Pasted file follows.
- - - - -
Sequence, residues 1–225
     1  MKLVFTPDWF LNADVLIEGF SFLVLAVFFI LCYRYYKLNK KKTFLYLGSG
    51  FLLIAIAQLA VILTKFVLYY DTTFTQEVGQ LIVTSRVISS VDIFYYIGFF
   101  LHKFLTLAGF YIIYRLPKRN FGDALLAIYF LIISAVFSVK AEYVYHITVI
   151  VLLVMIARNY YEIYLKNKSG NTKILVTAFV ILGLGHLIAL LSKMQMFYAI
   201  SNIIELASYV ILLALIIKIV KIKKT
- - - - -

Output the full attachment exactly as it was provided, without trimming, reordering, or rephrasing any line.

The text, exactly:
Sequence, residues 1–225
     1  MKLVFTPDWF LNADVLIEGF SFLVLAVFFI LCYRYYKLNK KKTFLYLGSG
    51  FLLIAIAQLA VILTKFVLYY DTTFTQEVGQ LIVTSRVISS VDIFYYIGFF
   101  LHKFLTLAGF YIIYRLPKRN FGDALLAIYF LIISAVFSVK AEYVYHITVI
   151  VLLVMIARNY YEIYLKNKSG NTKILVTAFV ILGLGHLIAL LSKMQMFYAI
   201  SNIIELASYV ILLALIIKIV KIKKT